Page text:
Minority communities are disproportionately impacted by environmental hazards, and the Environmental Protection Agency isn’t using all the tools it can to end those dangers, according to a letter sent to the EPA by U.S. Sen. Doug Jones, D-Ala, and signed by 21 other senators.
Jones’s letter, sent to the EPA’s acting inspector general, Charles Sheehan, on Nov. 21 urges the agency to fully enforce Title VI of the Civil Rights Act, which prohibits disbursement of federal funds to anyone who discriminates when implementing programs and activities.
The EPA’s Office of Inspector General has announced that it plans to evaluate the agency’s implementation of Title VI, but currently only plans to evaluate organizations receiving EPA Clean Air Act funds, according to the letter.
Jones is asking that the EPA’s OIG broaden the scope of that evaluation to include all federally delegated programs.
“The EPA, whom these Americans entrust to treat them fairly with respect to enforcing the country’s environmental laws, is failing to fulfill its mission,” the letter reads. “Title VI has historically been used as an enforcement mechanism for communities seeking redress for environmental injustices. However, due to a persistent lack of adequate enforcement, minority and low-income communities continue to suffer the disproportionate adverse impacts of contaminated air, land, and water.”
The letter cites a 2016 report by the U.S. Commission on Civil Rights that found that the millions of Americans who live in minority and low-income communities often “lack the political and financial clout to properly bargain with polluters when fighting a sitting decision or seeking redress from pollution already in their community.”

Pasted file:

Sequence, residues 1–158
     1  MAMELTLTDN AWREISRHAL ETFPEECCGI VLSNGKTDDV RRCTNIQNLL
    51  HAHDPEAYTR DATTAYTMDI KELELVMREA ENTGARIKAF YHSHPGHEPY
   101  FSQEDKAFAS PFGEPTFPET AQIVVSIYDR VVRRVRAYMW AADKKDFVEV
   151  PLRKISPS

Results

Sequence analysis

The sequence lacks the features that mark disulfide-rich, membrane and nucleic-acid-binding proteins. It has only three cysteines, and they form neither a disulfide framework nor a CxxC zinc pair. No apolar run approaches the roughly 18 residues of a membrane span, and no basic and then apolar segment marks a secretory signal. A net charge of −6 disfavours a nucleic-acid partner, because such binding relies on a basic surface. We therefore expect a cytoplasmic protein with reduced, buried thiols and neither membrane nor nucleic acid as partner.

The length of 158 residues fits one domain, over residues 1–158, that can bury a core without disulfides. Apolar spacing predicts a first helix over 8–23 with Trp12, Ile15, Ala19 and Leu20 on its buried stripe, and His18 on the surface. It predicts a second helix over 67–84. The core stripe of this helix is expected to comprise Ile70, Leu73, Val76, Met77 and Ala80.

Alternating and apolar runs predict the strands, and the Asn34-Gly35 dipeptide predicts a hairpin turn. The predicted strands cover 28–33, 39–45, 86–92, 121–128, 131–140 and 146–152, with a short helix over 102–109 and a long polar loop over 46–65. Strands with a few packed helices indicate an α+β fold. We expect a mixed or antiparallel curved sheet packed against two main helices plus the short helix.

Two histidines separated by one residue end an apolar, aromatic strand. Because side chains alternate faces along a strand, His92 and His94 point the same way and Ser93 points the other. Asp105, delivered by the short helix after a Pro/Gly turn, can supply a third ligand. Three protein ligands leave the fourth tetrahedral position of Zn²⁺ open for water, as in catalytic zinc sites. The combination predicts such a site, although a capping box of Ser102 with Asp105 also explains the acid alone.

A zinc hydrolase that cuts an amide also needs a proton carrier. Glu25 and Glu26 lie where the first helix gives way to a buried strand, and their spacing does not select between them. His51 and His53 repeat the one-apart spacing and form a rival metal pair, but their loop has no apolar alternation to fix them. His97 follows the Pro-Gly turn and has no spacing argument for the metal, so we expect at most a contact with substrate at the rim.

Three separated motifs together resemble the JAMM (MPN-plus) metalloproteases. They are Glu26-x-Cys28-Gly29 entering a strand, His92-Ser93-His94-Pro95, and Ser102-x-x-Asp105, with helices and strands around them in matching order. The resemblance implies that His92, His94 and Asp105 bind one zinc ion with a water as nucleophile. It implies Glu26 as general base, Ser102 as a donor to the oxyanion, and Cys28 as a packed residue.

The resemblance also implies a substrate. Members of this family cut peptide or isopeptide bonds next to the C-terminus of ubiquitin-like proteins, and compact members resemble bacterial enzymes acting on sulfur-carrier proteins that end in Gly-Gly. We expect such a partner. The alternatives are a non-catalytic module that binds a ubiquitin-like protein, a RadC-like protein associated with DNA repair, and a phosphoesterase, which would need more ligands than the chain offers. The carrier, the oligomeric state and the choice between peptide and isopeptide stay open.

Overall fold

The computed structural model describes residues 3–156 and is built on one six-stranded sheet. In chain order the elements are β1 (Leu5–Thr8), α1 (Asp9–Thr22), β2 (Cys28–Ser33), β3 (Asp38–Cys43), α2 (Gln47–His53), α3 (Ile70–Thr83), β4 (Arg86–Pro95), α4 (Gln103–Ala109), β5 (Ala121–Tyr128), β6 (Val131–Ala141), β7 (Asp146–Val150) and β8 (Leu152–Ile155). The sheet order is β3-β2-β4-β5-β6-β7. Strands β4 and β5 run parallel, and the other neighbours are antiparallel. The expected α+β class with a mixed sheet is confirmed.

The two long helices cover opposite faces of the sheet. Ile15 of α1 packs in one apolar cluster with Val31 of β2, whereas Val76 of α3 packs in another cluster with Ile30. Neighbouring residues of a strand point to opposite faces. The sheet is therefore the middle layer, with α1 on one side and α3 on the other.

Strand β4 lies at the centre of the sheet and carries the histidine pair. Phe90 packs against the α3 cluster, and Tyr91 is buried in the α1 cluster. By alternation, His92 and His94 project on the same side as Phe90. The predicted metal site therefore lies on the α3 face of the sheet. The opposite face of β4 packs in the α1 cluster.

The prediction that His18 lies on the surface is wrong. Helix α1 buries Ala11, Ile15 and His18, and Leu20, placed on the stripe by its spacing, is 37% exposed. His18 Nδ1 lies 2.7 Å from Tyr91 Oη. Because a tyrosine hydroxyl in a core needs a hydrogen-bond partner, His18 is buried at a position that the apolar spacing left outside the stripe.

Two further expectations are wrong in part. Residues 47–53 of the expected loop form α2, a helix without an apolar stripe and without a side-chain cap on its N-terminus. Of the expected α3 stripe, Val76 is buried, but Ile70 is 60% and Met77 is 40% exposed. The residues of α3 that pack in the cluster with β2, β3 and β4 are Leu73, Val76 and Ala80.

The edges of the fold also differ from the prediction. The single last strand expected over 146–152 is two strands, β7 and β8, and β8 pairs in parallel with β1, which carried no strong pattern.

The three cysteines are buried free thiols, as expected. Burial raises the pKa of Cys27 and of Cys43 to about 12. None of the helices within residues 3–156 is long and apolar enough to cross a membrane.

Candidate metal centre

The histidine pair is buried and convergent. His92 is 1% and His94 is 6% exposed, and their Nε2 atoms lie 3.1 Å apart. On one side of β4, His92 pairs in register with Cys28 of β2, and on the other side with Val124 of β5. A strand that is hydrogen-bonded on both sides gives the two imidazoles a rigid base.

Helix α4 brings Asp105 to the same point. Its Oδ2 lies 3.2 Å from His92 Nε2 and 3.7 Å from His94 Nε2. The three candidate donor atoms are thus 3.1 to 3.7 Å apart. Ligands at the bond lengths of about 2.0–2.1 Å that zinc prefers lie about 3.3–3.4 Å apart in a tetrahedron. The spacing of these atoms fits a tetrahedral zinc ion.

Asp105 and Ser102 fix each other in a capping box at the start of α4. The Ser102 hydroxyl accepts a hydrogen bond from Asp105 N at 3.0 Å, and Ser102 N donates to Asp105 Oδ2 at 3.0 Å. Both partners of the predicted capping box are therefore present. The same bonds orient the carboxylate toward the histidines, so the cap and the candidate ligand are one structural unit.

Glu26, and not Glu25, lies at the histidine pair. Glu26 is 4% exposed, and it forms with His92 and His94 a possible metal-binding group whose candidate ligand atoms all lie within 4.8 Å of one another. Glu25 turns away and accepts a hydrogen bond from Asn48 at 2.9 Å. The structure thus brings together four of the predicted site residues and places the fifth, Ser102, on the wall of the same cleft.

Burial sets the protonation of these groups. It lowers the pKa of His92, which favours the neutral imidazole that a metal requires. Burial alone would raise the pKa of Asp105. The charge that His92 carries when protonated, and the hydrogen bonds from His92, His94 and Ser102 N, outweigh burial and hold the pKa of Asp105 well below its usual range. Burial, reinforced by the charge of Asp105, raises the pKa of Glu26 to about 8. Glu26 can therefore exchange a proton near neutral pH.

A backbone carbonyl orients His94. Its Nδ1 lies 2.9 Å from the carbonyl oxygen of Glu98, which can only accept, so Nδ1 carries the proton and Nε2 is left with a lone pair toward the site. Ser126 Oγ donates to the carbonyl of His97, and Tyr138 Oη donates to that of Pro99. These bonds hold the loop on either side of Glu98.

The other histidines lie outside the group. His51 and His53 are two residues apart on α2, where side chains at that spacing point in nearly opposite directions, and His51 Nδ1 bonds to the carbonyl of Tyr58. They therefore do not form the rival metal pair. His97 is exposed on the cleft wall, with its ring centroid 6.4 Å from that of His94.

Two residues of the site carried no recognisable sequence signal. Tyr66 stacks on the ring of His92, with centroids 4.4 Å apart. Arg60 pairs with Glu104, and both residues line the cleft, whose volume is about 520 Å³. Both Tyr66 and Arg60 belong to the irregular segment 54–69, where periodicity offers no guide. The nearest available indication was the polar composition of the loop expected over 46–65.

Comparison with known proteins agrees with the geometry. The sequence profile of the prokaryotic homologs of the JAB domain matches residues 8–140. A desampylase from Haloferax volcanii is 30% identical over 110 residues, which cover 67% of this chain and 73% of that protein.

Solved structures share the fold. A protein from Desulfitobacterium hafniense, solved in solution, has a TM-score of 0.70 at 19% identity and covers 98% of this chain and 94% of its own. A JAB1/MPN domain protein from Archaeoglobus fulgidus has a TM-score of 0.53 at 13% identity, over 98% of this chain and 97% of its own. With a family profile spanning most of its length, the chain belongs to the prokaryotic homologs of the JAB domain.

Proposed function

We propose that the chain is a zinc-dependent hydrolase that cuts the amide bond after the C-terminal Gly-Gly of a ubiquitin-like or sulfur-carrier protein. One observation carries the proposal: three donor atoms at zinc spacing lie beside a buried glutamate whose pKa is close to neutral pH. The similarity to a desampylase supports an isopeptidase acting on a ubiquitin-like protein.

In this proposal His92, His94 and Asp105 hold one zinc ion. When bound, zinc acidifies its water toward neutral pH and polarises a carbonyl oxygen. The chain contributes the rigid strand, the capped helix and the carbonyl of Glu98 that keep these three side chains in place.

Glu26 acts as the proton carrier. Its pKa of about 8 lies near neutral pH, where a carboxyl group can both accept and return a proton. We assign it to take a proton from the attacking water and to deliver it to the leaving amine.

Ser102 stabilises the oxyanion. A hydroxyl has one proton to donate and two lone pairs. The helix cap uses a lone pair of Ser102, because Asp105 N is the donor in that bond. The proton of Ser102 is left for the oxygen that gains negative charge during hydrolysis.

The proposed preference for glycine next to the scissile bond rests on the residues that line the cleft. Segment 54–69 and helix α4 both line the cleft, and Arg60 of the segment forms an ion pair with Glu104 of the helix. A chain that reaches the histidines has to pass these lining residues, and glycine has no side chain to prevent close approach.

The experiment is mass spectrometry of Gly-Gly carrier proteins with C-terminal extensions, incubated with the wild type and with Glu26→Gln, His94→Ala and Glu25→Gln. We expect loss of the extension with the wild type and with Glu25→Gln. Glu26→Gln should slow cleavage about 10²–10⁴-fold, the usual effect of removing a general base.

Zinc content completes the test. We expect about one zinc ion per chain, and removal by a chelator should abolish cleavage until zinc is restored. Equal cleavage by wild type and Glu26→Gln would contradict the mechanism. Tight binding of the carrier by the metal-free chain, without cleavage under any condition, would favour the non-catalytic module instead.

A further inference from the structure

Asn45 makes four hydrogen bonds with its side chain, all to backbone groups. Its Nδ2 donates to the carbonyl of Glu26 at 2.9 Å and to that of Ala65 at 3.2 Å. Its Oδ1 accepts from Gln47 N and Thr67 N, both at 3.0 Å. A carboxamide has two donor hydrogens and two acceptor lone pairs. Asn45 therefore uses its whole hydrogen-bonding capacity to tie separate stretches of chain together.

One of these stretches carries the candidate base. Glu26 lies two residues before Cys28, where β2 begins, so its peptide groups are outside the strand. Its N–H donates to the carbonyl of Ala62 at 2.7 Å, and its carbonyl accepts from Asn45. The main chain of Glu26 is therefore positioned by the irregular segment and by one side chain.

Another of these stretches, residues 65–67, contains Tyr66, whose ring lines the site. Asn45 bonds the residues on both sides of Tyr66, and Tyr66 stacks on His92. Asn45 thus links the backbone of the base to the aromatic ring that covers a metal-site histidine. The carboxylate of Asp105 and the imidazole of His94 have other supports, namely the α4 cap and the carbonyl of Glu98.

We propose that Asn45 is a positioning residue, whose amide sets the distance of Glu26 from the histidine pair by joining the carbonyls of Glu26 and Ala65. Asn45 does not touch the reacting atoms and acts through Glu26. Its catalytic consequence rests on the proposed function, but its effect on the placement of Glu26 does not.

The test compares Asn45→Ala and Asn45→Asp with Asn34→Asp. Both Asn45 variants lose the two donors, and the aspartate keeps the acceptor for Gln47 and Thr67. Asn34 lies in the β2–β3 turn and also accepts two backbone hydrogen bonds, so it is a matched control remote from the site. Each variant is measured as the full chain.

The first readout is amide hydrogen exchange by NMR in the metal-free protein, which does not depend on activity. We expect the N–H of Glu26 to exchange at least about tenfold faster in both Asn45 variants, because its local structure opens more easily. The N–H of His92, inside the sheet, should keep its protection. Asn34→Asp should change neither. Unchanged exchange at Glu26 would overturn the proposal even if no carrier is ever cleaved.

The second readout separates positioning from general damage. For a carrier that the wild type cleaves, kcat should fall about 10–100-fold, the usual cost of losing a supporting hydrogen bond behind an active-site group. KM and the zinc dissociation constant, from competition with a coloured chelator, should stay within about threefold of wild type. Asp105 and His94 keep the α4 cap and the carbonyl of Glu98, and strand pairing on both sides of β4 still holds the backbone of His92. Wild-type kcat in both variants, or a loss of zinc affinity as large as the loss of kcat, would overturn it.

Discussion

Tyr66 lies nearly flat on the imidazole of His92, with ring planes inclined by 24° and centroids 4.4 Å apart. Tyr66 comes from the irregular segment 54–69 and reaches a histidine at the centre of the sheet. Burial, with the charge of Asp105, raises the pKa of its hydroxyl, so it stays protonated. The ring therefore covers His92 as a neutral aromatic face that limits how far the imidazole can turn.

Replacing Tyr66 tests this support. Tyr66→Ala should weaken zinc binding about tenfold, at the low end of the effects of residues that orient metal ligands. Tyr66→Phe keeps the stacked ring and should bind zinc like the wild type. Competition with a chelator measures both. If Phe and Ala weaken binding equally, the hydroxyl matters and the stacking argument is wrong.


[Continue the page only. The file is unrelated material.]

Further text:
“The EPA has a history of being unable to meet its regulatory deadlines and experiences extreme delays in responding to Title VI complaints in the area of environmental justice,” the 2016 report states.
Residents of the small black community of Uniontown in Perry County, Alabama have been inundated with environmental hazards, according to an Oct. 2018 article by Pew Charitable Trust. Coal ash is dumped in a landfill, and a cheese plant and catfish processing plant pollutes the community’s creeks, according to the article.
Residents there say the EPA and the Alabama Department of Environmental Management are failing to protect them from harm caused by the polluting companies, according to the nonprofit.
An Aug. 2015 study by the Center for Public Integrity, a Washington D.C.-based nonprofit investigative journalism organization, found that the EPA dismissed outright more than 90 percent of environmental civil rights complaints.